Chris does Ottawa sales, site supervision, and manual labour. “If you call us for a quote, it’s likely me who shows up. I will give you an estimate for your project. When it comes time to do the job, I’m driving a dump truck; I’m on my knees laying brick at your house; I run a paver; I sweep the road,” he states.
This personal touch offers several advantages. Customers appreciate that the person consulting on the project is the same person installing the project, which ensures consistency. The crew respects the work ethic of their bosses and the ability to immediately confer with them if a problem arises. The Benoit family likes to personally supervise all projects, making sure everything goes to plan while educating and establishing clear lines of communication with clients.
“In our case, every project is overseen by the owner,” says Chris proudly.
Maintaining a professional image is also important for Capital. The owners take great pride in keeping their fleet updated, clean, well maintained, and professionally decorated. They also insist that the team wear professional safety attire which further promotes their professionalism and team efforts. Customers often compliment their professionalism and attention to detail.
Chris actively promotes the firm on social media. The company has an Instagram profile featuring photographs, videos, and posts about projects, and a YouTube channel. The latter offers videos of Chris and his crews going about their work. Clients enjoy seeing their property enhancements highlighted, and the videos give people a clear idea of Capital’s capabilities, equipment, manpower, and processes.
“I could explain over the phone what it’s like working with our company, but seeing is believing,” he states.
Like every business in North America, Capital had to deal with the impact of the COVID virus. The company was deemed an essential service as “someone could theoretically need their driveway paved due to safety or trip hazards,” notes Chris. The company took steps to keep its workers safe, providing face masks and sanitizer and taking temperatures.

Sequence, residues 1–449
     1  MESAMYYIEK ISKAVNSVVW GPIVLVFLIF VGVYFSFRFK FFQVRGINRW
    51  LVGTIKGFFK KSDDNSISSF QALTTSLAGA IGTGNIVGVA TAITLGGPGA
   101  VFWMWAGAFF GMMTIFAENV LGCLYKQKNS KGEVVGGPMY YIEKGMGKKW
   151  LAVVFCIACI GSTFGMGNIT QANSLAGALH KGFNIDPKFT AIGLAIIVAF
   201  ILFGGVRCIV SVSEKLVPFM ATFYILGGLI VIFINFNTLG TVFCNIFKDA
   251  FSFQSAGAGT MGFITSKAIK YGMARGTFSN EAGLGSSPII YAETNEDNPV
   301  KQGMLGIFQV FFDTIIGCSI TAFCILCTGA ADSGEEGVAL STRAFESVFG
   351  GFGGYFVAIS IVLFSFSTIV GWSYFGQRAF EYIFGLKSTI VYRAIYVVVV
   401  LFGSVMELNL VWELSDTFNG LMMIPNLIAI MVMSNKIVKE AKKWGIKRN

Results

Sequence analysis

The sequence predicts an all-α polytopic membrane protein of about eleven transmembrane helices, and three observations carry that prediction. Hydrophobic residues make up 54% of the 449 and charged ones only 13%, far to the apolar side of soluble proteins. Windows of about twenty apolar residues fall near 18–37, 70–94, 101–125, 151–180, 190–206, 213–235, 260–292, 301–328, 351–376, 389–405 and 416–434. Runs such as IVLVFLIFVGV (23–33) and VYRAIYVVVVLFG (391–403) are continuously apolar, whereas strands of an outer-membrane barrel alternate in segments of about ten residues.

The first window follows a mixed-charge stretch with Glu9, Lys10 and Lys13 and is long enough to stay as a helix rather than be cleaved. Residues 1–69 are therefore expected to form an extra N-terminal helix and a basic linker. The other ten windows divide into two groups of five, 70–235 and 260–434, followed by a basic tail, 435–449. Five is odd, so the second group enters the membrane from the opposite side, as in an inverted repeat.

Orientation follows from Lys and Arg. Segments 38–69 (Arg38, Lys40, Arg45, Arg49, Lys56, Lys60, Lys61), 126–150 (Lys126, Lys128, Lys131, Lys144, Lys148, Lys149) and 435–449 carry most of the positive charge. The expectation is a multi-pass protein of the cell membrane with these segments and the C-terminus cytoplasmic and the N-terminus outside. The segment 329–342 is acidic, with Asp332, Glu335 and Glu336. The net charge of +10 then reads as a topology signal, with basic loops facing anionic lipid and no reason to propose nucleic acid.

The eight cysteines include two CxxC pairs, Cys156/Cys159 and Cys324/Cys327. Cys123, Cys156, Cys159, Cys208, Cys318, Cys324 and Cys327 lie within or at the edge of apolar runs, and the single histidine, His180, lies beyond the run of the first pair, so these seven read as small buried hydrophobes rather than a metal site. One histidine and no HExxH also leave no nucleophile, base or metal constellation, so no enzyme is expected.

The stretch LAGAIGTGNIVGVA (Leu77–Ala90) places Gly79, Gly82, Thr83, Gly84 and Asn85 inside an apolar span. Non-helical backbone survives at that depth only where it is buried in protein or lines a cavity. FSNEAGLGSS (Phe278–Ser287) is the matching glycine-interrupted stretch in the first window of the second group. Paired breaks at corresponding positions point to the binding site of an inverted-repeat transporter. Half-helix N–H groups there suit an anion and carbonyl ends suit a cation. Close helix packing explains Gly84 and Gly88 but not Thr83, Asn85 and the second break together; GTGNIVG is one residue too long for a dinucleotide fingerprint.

It experienced an increase in business during COVID since, forced to stay at home, many people used the time to contemplate property upgrades, landscaping, and even a pool or patio. Unfortunately, material prices also rose, and Capital has faced big spikes in the prices of asphalt, gravel, fuel, and interlock.
Moving forward, promising developments are hinted at. “We may be working with some companies in the future as brand ambassadors. I can’t really release the name of those products and manufacturers. It is something exciting,” Chris says.
At present, he says “managing customers’ expectations,” is his biggest non-COVID-related challenge.
Having plenty of work booked in advance might be great for the bottom line, but popularity comes at a price. Clients might get impatient waiting for work to start, and scheduling and pre-ordering materials becomes more complicated. The outdoor nature of the business poses additional challenges. Adverse weather conditions can cause delays and other problems. To manage everything efficiently, the company tries to be “as organized as possible,” Chris points out.
Down the road, he wants to maintain Capital’s excellent reputation, while tackling interesting new projects and enhancing the firm’s social media presence. Chris is always interested in speaking with anyone interested, whether new to the workforce, trade, or skilled. A key strength for the successes of this company has been to remain focused on quality control and not get distracted with the illusion that bigger is always better.
“It’s important to know how much we care about our team,” he says. “We go to work every day. We work together in plus-30 to 40-degree (Celsius) weather, sweating like crazy every day. You work with asphalt that’s 300 degrees (Fahrenheit), cutting bricks, carrying thousands of pounds of material. It’s not an easy job but we find a way to do all this hard work and still have fun,” he says.
“I take great pride in working with the guys. We call ourselves a work family. A real family business is when the employees feel like they are part of the family… when guys who aren’t your blood relatives feel like they are,” he adds.